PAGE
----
December is associated with sandy beaches, parties, and long road trips. In the words of renowned Kenyan poet Sitawa Namwalie “We leave our houses to go home.” Before the COVID 19 pandemic, work would have been relegated to the back of the mind until the holiday came to an end. This year is different because the head of legal can attend court sessions in Nairobi while in Naivasha. The teacher can assign homework from the slopes of Mt.Elgon. The board of directors can convene from nine different locations. Work and life are not necessarily on polar ends anymore; they mingle and meet often. As vaccine uptake continues to grow, concerns about emerging variants have made it necessary for organizations to consider mainstreaming remote work. Working from home comes with its fair share of challenges. A cup of coffee meant to keep the creative juices flowing can easily spill over and “fry” a laptop, leaving one anxious for days. The loss of time and ideas due to exposure to risks associated with daily activities in the home office can be crippling if an organization is not adequately prepared.
Remote work breaks geographical boundaries and morphs the administrative hold over office assets. For example, an e-commerce startup that has fully embraced remote work tools may decide to fold up its physical office. Office furniture and equipment are distributed among the employees allowing them to work comfortably. A centralized customer care team handles the office lines in six locations as the logistics team advances its operations. As the demand grows, the e-commerce startup has teams crisscrossing the country to keep up with its growing customer base. In such instances, the nature of risks that the organization’s assets are exposed to becomes more complex. For example, one of the employees may relocate to a different town. In the course of the move, the laptop provided by the company accidentally falls and breaks. While the organization may have insured its assets before shifting to remote work, the insurance cover may not have provisions for such occurrences.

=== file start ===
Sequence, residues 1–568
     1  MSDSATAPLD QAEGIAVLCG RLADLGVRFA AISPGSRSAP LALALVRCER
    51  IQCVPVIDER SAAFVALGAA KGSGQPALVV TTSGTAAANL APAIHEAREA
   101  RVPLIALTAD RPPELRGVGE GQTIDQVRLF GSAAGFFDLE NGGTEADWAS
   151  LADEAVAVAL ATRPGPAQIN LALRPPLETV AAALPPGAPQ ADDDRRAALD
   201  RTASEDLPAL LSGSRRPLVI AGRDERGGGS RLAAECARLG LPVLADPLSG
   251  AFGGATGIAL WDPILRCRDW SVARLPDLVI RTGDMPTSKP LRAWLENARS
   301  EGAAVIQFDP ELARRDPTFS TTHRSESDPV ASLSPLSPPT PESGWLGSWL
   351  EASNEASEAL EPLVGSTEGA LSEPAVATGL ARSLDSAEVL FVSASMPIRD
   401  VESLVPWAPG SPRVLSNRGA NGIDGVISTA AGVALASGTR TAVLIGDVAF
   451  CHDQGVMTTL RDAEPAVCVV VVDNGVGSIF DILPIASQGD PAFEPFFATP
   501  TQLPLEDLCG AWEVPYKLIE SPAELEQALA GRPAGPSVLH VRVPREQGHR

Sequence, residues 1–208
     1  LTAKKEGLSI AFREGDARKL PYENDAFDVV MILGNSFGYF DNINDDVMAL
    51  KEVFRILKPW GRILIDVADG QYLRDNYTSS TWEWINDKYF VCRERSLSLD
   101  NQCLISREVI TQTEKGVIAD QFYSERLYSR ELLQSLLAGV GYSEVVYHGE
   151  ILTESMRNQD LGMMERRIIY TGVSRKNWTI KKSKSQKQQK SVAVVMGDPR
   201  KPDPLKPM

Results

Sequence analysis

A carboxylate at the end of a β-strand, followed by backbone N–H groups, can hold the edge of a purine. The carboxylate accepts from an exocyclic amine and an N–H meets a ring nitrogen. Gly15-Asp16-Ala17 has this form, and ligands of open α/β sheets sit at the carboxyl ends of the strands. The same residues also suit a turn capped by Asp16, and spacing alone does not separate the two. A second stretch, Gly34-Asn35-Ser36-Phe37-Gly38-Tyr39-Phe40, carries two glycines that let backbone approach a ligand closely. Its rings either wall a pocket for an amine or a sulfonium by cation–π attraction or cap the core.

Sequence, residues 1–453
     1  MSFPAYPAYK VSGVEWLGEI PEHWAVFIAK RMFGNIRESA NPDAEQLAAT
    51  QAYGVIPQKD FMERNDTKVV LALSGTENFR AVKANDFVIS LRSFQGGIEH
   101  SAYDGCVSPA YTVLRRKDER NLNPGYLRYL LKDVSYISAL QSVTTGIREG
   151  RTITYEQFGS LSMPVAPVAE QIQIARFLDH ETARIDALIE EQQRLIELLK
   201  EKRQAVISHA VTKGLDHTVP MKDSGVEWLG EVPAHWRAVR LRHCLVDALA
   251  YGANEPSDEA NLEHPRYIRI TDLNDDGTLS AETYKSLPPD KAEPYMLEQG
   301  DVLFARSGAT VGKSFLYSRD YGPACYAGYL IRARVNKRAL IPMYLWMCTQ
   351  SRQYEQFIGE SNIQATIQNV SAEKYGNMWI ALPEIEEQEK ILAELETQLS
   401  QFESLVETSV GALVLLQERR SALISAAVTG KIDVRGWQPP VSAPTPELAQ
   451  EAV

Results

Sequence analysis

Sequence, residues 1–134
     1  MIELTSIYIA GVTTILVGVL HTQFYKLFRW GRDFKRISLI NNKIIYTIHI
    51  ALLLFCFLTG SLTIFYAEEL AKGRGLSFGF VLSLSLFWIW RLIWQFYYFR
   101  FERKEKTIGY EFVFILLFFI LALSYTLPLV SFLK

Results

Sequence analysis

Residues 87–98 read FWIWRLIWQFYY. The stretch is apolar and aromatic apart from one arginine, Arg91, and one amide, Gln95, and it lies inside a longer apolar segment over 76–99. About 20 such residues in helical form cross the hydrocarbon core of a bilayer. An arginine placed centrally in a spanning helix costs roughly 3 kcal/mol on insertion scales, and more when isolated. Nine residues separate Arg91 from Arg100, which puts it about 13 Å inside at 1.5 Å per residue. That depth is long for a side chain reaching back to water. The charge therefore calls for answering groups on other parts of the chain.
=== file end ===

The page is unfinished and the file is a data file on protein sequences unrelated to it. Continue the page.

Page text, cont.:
What does a proactive risk management approach call for in the era of remote work look like?
1. Update your insurance to match your organization’s working model
Assets within the confines of an office at a specific physical location are exposed to fewer risks than assets in various remote working locations. Therefore, updating your insurance coverage to encompass all risks is necessary. It is also crucial to inform your insurance company of the changes in your working model in order to get the appropriate insurance cover.
2. Talk to your insurance department about the geographical limits of your asset cover
An asset insured within the country may not be insured across the border. Given that your employees may travel while still in possession of company assets, having an appropriate insurance cover for your assets will protect you from unnecessary headaches.
3. Understand the scope of your office asset insurance cover
The fine print may look plain and simple to a layman, but it is not as simple as it seems. For instance, an insurance policy defines burglary as involving a threat to life, forceful entry, or exit. In ordinary language, burglary may include any act of theft that leads to the loss of an asset. Engage a reliable insurance partner to help you navigate and benefit from asset insurance.
Is your organization struggling to manage its risks in the new era of work proactively? Talk to us today, and let us help you by becoming your insurance department.